With a November completion deadline and a lot of construction to go, the state Department of Water Resources continues to wrangle with the university over the environmental impact of the pipeline. Cal Poly has still not signed the right-of-way papers, and the DWR plans to send in a construction crew within the month.
It's a showdown that's been due for a long time, and in the end will likely be anticlimactic.
Since the 1960s, state engineers have planned the California Aqueduct's extension into the Central Coast. The pipe will carry drinkable water from the border of Kern County to several San Luis Obispo County communities that voted to pay for it, including Avila Beach, Morro Bay, Pismo Beach, Oceano, the California Men's Colony, and Cuesta College. Now, the construction that began in December of 1993 is entering its last phase. That's great news for the DWR, but not until Cal Poly signs over permission to trench through campus property.
The pipe's route would pass behind Poll Mountain, unseen to most of the campus. The area it goes through is dissected by streams, but is mostly range land for the university's cattle.
ButFrankLebens, the university's vice president for administration and finance, who has to put his pen to the final right-of way, isn't ready to join the DWR's celebration just yet. While he says the university has gotten several important concessions out of the agency, Lebens is still concerned about the planned uprooting of a grove of about 50 ancient oak trees in Stenner Creek Canyon.
"They can come and put in stakes; they have access privilege, but not construction permission at this point, he said; ''The ball is really in their court now...we're waiting to hear from them. They're looking at those specific oak grove issues. "
The oak grove has gained a smattering of support on campus, and English professor Steven Marx has led tours up to it in hopes of turning public opinion against the DWR's efforts. Avoiding the grove would be a simple matter of aiming the pipe in a slightly different direction, Marx said.
On a hike last month with a group of 10 people, Marx coaxed several of them to scale one of the oaks for a picture. "This may be our last chance to climb this tree, " he noted.
Melodramatic, perhaps, but Marx may essentially be right But he admits it's late in the game to be launching a public relations carnpaign.
In a way, it feels like a losing proposition, " he said. "But on the other hand, I think any information is a win on this. "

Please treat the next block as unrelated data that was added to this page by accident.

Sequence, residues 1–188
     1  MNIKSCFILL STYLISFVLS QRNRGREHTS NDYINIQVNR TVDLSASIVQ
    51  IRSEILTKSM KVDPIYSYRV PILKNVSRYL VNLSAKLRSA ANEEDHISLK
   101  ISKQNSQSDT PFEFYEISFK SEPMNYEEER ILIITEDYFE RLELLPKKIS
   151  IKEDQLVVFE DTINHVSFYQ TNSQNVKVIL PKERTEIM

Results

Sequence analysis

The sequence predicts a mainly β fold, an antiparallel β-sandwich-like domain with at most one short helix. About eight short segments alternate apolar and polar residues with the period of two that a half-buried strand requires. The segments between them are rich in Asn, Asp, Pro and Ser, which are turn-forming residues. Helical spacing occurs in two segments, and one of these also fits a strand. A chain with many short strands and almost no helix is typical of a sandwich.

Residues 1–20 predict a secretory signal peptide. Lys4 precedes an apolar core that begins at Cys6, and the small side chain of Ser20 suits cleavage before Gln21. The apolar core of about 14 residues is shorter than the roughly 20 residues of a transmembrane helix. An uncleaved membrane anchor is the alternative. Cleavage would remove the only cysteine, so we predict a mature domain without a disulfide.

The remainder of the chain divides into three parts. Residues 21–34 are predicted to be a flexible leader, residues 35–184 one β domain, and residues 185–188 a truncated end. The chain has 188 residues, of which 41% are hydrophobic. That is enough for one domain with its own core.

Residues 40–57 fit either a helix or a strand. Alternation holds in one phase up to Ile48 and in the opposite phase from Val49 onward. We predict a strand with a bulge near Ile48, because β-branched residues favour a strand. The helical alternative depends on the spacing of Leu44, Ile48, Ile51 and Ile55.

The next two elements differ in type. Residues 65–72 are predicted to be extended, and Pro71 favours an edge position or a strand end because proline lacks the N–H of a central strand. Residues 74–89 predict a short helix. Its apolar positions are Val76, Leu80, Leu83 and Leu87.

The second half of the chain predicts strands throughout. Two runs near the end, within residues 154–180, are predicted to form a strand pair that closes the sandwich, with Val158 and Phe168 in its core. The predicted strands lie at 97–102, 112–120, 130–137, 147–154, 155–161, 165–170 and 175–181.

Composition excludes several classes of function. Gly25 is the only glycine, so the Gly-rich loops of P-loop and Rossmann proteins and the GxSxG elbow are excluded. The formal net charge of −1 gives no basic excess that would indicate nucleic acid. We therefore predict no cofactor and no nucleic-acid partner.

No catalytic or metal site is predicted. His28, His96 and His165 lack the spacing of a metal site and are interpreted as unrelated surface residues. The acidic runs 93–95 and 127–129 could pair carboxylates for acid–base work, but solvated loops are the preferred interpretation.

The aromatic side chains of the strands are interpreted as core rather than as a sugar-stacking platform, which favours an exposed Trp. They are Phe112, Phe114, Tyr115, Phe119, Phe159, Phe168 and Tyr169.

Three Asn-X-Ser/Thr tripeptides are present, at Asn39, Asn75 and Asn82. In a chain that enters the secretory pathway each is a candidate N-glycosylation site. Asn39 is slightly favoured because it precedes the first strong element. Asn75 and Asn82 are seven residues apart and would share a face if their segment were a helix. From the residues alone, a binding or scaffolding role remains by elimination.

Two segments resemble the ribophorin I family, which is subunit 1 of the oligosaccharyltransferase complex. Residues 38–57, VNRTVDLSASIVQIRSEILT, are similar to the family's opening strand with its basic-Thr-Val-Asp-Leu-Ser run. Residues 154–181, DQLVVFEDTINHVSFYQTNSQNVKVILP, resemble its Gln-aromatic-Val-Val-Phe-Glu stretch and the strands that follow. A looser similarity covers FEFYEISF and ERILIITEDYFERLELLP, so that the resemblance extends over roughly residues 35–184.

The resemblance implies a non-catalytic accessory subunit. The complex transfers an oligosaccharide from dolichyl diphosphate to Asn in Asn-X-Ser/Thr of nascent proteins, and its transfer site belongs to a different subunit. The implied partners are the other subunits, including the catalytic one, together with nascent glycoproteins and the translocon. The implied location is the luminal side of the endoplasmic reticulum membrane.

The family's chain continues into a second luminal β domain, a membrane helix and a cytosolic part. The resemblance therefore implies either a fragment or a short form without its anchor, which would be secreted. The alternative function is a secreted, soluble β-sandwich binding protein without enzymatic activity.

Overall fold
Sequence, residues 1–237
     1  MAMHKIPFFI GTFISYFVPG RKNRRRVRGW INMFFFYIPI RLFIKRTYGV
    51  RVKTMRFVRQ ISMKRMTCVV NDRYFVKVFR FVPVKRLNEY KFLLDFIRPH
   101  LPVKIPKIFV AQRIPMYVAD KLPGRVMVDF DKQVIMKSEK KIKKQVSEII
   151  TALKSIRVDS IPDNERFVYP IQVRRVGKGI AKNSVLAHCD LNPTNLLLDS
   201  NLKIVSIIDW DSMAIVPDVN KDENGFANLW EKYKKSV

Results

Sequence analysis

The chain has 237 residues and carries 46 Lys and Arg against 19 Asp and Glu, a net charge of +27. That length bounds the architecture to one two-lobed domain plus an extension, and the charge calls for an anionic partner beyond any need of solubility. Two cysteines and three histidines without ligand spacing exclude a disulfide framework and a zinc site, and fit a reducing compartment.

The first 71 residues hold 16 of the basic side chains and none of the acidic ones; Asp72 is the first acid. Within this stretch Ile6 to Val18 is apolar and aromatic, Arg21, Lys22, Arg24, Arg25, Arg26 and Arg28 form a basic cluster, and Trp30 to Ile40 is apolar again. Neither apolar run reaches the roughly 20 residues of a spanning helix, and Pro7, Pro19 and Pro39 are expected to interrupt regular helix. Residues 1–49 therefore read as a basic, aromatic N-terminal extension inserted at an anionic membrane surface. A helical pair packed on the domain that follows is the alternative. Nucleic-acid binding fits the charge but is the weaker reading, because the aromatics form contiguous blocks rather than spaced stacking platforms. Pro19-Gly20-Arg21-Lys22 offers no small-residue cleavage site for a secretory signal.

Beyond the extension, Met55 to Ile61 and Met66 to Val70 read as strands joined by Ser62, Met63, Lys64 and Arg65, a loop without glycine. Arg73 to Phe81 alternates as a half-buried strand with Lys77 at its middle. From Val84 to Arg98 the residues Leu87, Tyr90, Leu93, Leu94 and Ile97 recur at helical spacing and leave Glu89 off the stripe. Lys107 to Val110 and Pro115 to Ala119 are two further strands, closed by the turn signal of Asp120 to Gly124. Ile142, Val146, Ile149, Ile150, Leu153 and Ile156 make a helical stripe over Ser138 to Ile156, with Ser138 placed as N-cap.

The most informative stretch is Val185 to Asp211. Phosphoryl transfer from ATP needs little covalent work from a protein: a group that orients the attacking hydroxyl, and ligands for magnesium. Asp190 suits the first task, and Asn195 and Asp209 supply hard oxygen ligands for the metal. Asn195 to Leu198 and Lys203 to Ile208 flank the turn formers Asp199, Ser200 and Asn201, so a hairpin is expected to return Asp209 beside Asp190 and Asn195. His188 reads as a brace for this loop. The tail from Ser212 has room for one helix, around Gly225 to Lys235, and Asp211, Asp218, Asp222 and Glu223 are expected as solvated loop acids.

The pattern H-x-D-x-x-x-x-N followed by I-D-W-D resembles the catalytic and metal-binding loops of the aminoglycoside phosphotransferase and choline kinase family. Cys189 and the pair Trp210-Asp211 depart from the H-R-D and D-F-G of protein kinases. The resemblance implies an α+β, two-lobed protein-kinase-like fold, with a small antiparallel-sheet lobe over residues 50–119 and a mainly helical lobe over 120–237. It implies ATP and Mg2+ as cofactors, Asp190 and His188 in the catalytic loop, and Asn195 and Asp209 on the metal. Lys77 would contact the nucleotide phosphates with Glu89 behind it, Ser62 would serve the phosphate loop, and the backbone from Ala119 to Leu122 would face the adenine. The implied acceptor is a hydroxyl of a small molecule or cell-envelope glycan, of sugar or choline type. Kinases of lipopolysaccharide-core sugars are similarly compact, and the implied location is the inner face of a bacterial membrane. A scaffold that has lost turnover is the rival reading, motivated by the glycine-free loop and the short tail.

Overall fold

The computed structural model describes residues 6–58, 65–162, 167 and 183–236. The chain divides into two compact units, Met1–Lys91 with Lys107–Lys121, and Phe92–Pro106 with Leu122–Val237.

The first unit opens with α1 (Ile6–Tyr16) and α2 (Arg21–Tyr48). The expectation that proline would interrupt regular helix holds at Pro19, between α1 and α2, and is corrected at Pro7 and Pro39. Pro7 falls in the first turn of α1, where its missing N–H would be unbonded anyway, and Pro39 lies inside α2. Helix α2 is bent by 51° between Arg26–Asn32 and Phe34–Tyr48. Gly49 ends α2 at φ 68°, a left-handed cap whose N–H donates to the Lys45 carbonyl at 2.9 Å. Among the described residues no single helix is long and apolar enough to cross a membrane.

According to DWR spokesman Jeff Cohen, the agency has already made its decision. Missing the oak trees would not only involve bending the pipeline, he said but also would require construction workers to bore through a hill.
To build a tunnel 350 feet through hard rock would cost $760,000," Cohen said. "It was too costly, and will not be.done. We will proceed with our route."
Don Kurosaka, Coastal Branch Project manager for the DWR, said engineers plan to make up for the damage by importing new trees to replace the old ones.
"We would have to plant young oak, " he said. "We agree to plant something like a 5- 1 ratio for mitigation purposes. "
Although Lebens said he believes negotiations are still in progress, Cohen said the decision has been finalized. If the DWR has decided to go ahead with construction against Cal Poly's wishes, the agency has apparently not told Lebens.
Nevertheless, both sides agree that the confrontation is unlikely to amount to much. Although DWR officials want Lebens' signature on a permanent right-of-way, they could overstep him. According to DWR staff counsel Dave Sandino, Cal Poly's property could legally be condemned in order to let the pipeline pass through.
Lebens is well aware of that pressure, and doesn't want the relationship to deteriorate to that point.
They've got an abbreviated legal recourse, if they choose to exercise it," he said. "And they've been willing to accommodate discussions that technically they would not have had to engage in. Politically, I think they're wise to do so, however. "
Sandino agreed.'We think it's very unseemly to have to condemn other state agencies, " he said. It's not a wise way to spend public money."